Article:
Once Sullivan was finished, Kline vehemently renewed his objection to how Sullivan was trying to change the nature of the case.
Describing himself as “the son of a doctor” who understands these issues, the judge said that if Sullivan insisted in going that route, he was prepared to manage the open-ended trial that would result. “I’m here all summer,” he said.
Then he offered Sullivan an additional warning, having to do with the fact that the trial was supposed to be about what J&J had warned doctors about, not the relative merits of competitive drugs and the conduct of the companies that sold them: “The fact of the matter is that I don’t think that’s going to be beneficial for the defense, because in the end … if it can be shown by this plaintiff that the other drugs had sufficient warnings on these type of issues and you didn’t, that is devastating.”
In case she had not gotten the message, he added this ominous observation about the trouble that this kind of trial might bring for Johnson & Johnson: “That is a multi, multi, big-time … potential verdict very different from the little case we’re having here in this trial. … I know you are an extremely fine attorney and you’re very experienced. Everybody knows who you are. So therefore, I’m just letting you know that these are decisions that your team has to make.”
“Understood, your honor,” Sullivan replied. She had tried to turn the case into something entirely beyond the issues the jury was supposed to decide, and the judge had stopped her in her tracks. For the rest of the trial, there would be no experts called to talk about how much better Risperdal was than the other drugs. Instead, Sullivan would try to convince the jurors that a mother’s understandable, if unworthy, hiring of a 1-800 trial lawyer to extract big bucks from her careful, caring client should not be rewarded based on some “cherry-picked” data touted by a hired gun expert witness.
‘I’m a Naïve Person. I Think People Are Good.’
Lawyers on both sides knew from his report what former FDA Commissioner David Kessler’s testimony was going to be.
But Benita Pledger didn’t.
Austin’s mother would spend the nearly five weeks of the trial watching the testimony all day, then retiring to a Holiday Inn. The longest she had ever been away from her son had been six days. However, she did not want to return home on weekends, she later told me, “because it would confuse Austin for me to come and go so much. … We just told him I was visiting my sister.”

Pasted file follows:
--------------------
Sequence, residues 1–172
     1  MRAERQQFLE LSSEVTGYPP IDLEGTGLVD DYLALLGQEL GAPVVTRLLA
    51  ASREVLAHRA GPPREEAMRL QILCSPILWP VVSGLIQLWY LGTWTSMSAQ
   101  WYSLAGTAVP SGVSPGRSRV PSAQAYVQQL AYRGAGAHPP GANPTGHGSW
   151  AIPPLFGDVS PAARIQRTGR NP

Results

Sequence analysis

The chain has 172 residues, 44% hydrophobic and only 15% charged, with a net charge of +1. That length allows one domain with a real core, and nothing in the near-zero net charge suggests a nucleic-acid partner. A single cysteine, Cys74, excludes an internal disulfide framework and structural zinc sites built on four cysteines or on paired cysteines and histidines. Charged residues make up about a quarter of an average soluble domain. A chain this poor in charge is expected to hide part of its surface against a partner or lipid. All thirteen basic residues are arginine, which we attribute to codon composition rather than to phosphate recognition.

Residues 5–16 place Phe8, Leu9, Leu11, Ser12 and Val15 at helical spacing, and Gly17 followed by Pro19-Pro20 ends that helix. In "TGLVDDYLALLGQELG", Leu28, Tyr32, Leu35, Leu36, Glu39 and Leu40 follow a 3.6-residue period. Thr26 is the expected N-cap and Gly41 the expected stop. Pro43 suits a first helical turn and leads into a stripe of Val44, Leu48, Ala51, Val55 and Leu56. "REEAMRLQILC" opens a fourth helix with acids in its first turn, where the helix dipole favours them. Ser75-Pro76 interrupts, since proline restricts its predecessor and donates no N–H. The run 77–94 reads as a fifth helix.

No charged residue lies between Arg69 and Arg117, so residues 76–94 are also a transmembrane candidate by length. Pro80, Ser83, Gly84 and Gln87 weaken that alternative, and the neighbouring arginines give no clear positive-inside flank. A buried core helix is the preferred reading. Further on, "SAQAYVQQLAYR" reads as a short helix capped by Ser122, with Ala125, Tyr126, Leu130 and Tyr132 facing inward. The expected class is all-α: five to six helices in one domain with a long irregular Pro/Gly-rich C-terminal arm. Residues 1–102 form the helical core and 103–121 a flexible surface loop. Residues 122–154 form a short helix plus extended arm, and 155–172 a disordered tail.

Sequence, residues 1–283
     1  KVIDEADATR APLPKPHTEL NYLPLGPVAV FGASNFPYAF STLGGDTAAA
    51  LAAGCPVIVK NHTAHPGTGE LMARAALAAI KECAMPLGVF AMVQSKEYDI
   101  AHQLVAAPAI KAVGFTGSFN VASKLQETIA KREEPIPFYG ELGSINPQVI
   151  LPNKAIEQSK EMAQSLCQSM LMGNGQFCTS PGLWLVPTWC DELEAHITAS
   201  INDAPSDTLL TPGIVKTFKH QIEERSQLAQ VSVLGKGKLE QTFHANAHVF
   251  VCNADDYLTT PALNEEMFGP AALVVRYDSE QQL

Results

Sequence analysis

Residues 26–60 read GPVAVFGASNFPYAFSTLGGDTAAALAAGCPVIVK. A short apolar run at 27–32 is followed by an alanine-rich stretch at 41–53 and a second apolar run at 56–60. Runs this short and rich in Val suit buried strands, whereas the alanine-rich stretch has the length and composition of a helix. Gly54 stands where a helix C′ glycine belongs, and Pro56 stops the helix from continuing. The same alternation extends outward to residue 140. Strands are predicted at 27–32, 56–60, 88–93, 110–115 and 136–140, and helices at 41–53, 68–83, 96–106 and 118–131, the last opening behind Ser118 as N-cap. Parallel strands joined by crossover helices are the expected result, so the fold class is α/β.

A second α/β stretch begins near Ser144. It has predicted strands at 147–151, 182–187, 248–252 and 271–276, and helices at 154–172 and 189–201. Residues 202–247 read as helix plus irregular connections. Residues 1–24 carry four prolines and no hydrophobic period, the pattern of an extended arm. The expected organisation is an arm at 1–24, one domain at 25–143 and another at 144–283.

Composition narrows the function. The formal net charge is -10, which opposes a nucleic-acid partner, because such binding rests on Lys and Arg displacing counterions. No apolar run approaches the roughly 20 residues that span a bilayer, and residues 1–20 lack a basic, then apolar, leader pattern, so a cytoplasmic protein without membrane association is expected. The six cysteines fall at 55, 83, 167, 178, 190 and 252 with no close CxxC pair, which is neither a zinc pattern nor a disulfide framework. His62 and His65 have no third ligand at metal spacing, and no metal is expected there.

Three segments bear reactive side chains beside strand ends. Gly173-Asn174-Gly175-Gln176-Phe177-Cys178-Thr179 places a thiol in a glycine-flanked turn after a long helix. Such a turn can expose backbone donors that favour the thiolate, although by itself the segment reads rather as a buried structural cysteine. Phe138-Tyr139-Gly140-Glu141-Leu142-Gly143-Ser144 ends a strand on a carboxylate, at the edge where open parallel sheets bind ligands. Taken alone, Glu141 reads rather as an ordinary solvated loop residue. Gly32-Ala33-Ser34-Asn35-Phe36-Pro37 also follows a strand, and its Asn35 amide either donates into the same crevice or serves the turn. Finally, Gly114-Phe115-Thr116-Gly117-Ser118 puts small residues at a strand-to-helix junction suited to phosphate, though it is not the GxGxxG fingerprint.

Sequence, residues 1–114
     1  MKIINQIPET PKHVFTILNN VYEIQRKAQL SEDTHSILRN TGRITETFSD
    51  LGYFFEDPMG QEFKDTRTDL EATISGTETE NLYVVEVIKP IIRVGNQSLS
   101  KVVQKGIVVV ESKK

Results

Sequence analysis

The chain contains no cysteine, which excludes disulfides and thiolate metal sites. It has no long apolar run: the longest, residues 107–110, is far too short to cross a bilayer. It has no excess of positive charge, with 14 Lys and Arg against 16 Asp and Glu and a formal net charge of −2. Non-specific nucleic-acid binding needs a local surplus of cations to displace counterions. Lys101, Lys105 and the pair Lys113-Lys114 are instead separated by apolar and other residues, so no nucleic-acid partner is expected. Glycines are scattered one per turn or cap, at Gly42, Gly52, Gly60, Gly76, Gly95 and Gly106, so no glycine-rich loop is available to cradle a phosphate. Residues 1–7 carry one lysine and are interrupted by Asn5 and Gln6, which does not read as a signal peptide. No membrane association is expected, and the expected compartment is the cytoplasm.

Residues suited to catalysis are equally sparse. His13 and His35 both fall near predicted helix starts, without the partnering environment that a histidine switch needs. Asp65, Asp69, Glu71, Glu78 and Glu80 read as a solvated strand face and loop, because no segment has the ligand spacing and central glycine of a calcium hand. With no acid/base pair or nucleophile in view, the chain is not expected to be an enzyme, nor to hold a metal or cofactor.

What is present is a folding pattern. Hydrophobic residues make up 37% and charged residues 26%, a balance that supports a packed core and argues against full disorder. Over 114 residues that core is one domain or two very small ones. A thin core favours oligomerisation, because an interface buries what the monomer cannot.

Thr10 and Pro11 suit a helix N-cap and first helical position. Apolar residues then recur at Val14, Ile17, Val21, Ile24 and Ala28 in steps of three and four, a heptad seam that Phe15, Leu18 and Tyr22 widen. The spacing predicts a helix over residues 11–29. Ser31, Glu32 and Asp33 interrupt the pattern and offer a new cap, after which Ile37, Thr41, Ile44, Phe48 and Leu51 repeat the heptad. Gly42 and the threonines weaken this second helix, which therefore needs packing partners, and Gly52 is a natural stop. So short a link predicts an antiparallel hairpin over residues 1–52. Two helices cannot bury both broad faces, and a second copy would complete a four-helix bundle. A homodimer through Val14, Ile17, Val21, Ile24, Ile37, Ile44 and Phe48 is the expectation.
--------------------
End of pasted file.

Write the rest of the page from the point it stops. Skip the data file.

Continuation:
The lawyers hadn’t told her much about her case, except that it looked promising. “They kept telling me how it was going to help all the others, because it was first,” she recalls. “But I didn’t have any idea of the details.”
On January 28, she began to grasp the details, or at least the details from her side’s perspective. Amid repeated objections from Sullivan that were overruled by the judge, she and the jury now heard David Kessler recite the history of the FDA rebuffing J&J’s efforts to get Risperdal approved for children, from before he was prescribed the drug to after he had begun taking it. She heard how the company had procured articles and speeches from academic luminaries to boost Risperdal sales to children. She became increasingly upset as Kessler continued in such painstaking detail that Kline’s questioning stretched over almost four days.
Kessler took the jury through his explanation of the evolving drafts of the Findling article, the creation of the new table that eliminated the boys who were 10 and over but kept the original denominator that included all the boys, and the untrue conclusion that elevated prolactin had not been shown to cause gynecomastia. “My real concern,” Kessler concluded, “is that you run data and then you get a series of results. … And then you have those results. What you don’t do is change rules after you get those results.”
Kessler proceeded to explain how the rates of gynecomastia had been manipulated, and how the other second-generation antipsychotics—the alternatives to Risperdal—did not have the same prolactin problems.
It was then, Benita Pledger recalls, that she “fell apart.”
“I’m a naïve person. I think people are good,” she says. “But I realized they absolutely knew. … I’ve tried never to cry, even when Austin had his worst fits.”
Sheller’s daughter, Lauren, who is a lawyer at her father’s firm and was sitting next to their sobbing client, took Benita out into the hall to collect herself.
Kessler’s testimony about the manipulation of the numbers was not lost on the jury. “Kline showed it to us pretty clearly with the FDA guy,” a woman who became the jury’s forewoman told me later. “He just repeated it over and over, and there was a chart of some kind that he used. You could see it—the thing with the numerator or denominator or whatever. You could see what they had done.” (The forewoman requested that her name not be published.)